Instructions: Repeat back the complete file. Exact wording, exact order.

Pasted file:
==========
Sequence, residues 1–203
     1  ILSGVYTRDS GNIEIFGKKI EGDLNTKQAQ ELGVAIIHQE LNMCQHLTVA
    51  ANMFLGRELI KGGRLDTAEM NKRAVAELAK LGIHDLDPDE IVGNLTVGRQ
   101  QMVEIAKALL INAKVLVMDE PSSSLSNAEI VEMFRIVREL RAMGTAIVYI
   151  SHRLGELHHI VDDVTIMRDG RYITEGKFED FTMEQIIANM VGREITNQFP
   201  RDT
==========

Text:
Sequence, residues 1–203
     1  ILSGVYTRDS GNIEIFGKKI EGDLNTKQAQ ELGVAIIHQE LNMCQHLTVA
    51  ANMFLGRELI KGGRLDTAEM NKRAVAELAK LGIHDLDPDE IVGNLTVGRQ
   101  QMVEIAKALL INAKVLVMDE PSSSLSNAEI VEMFRIVREL RAMGTAIVYI
   151  SHRLGELHHI VDDVTIMRDG RYITEGKFED FTMEQIIANM VGREITNQFP
   201  RDT